1980 found the band gigging constantly with a mixture of tour supports to The Purple Hearts and The Chords and headline gigs at places like The Rock Garden and Fulham Greyhound. Their most notorious gigs however were further north often with The Killermeters (who had allowed the band to support a lot in London in `79). Their first single ‘Lose that Girl’ having been recorded and produced by Huw Gower of The Records at the start of ’79 was shelved for reasons known only to their label, and the band were sent into the studio in March to record again with producer Mike Howlett. The result of this was a watered down version of ‘Fuck Art Lets Dance’ called ‘Forget Art’. In spite of the bands request to release the much better B side ‘Misfits’ Dindisc released the single in the spring of ’80 when the band were on tour with The Purple Hearts. The band were augmented by Tony Trundle on sax. On June 1st the band played their biggest crowd to date. Supporting the Q tips (featuring Paul Young) and the J Geils band at the Lyceum. August Bank Holiday saw one notable gig at the Penthouse in Scarborough supporting the Killermeters which nearly ended with a riot when it was thought that the Killermeters were ‘unfit’ to play! From August to November the band began to change with drummer Jo Macoll quitting over musical direction.
With Mexican Pedro Odiz on drums and Dick Young on keyboards the band continued to play live at such places as the Moonlight club in West Hampstead and ironically headlined for the first time at the Marquee in the spring. In the summer the band added Nigel Davis on guitar ( who later wrote songs for the band with Ian Graham) and Andrew ‘ Tommey’ Tomlinson played some gigs on drums. However, having failed to secure another record deal (having left Dindisc early in the year) they decided to call it a day and the final line up of Dave, Ian, Pedro and Ben played their last gig on 4th November at The Cressett in Peterborough.
1981 – 2002
Pedro was last seen playing percussion in David Bowies band at live aid in 1984. Dave and Joe continued to play together and became members of indie pioneers The Pleasureheads. During the mid 80’s they recorded a peel session and had releases with Red Rhinos label Ediesta.Ben moved to London and continued to perform, joining dance pioneers ‘Lovelife’ with Clive ‘Faz’ Farrow (this band having evolved from ‘heads on sticks’ formed by ‘Tommey Tomlinson in 1986’) . He also modeled for various designers and lived in Germany and the States. He is now back in London and all four original members are in regular contact.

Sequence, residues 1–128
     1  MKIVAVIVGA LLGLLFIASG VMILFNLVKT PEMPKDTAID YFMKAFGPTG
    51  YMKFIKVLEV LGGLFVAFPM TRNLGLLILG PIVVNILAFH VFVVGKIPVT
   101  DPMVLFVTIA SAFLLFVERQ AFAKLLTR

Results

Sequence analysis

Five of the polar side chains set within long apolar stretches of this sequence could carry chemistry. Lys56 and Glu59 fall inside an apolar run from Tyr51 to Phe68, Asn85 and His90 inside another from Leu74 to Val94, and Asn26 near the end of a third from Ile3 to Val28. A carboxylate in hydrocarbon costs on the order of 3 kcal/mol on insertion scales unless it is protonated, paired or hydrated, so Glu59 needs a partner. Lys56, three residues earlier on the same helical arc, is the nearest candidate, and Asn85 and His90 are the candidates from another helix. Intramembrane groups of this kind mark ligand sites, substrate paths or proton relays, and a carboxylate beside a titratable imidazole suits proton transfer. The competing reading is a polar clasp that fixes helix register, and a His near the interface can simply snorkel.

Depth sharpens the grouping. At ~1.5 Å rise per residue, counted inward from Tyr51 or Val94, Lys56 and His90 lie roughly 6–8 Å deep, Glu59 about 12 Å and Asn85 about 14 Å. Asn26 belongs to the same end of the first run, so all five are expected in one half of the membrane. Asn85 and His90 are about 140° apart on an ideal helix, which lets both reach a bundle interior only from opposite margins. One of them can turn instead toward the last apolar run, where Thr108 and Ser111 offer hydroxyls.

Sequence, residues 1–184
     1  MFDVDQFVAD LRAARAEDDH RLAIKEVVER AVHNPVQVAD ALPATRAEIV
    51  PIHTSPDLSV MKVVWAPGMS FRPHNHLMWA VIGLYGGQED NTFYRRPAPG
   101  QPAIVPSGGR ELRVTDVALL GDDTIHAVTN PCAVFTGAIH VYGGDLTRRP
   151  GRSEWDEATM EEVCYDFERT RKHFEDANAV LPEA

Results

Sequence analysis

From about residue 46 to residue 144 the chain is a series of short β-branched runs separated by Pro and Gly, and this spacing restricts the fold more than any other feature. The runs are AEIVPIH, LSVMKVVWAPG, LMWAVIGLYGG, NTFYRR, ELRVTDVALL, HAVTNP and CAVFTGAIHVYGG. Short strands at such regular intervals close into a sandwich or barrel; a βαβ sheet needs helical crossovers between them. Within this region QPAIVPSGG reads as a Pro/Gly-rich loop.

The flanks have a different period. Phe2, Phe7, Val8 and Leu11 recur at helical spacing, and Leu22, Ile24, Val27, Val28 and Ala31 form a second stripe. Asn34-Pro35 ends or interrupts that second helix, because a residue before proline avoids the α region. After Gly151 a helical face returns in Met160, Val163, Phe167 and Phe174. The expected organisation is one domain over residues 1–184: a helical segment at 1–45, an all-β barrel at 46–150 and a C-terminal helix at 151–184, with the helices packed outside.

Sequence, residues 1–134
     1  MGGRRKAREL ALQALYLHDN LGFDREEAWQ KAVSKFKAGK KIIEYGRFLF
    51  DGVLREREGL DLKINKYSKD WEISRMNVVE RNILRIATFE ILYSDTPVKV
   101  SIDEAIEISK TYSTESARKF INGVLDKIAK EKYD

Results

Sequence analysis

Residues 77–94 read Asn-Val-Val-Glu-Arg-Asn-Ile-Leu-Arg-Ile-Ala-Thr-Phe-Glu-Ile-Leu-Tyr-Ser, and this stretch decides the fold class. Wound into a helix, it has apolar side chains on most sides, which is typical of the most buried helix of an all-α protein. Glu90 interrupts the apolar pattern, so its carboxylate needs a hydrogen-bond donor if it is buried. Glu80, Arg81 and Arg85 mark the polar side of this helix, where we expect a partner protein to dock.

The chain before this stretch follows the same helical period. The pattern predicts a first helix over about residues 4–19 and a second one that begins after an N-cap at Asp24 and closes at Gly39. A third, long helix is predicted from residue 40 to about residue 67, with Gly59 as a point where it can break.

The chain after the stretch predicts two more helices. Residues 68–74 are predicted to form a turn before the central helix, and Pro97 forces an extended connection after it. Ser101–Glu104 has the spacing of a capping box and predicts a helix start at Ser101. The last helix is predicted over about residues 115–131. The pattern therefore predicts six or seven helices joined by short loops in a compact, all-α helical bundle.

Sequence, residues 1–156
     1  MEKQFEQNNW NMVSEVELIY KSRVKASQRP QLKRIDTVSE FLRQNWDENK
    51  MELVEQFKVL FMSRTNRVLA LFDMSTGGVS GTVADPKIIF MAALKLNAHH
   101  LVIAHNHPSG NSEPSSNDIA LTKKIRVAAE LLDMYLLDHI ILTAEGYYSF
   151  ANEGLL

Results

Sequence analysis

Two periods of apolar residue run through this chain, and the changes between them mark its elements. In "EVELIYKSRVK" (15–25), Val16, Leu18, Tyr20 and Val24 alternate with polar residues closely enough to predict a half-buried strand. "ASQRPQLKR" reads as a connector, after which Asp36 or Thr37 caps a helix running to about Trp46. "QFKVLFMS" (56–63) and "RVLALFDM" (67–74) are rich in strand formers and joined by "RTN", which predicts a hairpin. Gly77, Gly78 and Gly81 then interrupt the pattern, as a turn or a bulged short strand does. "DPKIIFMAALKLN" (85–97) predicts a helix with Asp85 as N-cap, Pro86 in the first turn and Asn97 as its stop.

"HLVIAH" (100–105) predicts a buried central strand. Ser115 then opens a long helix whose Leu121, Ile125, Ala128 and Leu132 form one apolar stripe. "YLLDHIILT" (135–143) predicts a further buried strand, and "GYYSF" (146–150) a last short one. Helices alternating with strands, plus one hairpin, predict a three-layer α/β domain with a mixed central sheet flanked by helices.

2002 Peterborough Evening Telegraph article ……….
Old city mod band makes it big in Japan.
Guitarist Ian Graham (44) is a planning technician at Huntingdonshire District Council, drummer Joe McColl (44) owns a fish and chip shop in Oundle, lead singer Ben McKnight (40) is a press officer for London’s Mayor Ken Livingstone, while bass player David Colton (45) is a regional manager for communications company NTL.
Due to a bizarre twist of fate, the band has become more popular than ever before even though they have not played for 20 years.
Specialist mod record label, Detour Records has released an album of their material in Japan because of a resurgence of mod music in the Far East. Called “What’s In A Name”, it features the single, “Forget Art, Let’s Dance” and several other unreleased tracks, and in just four weeks it has sold 500 copies.
The band’s website received 46,000 hits in six months and original copies of the single, “Forget Art, Let’s Dance”, can now fetch up to 150.
Dave said: “The reaction to the record has been so good we are now planning to get together after Christmas and maybe go on tour in Japan. We can’t stop laughing about it. We never thought we would ever get together again. I suppose we are as popular now as we ever were, even though we have not played for about 20 years.”